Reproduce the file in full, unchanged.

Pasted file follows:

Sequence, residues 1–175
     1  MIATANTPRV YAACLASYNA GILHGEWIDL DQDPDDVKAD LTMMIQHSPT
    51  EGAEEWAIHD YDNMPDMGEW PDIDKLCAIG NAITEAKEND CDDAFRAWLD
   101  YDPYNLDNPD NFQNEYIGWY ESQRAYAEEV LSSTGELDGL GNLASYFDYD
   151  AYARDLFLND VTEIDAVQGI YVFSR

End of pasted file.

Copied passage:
Sequence, residues 1–175
     1  MIATANTPRV YAACLASYNA GILHGEWIDL DQDPDDVKAD LTMMIQHSPT
    51  EGAEEWAIHD YDNMPDMGEW PDIDKLCAIG NAITEAKEND CDDAFRAWLD
   101  YDPYNLDNPD NFQNEYIGWY ESQRAYAEEV LSSTGELDGL GNLASYFDYD
   151  AYARDLFLND VTEIDAVQGI YVFSR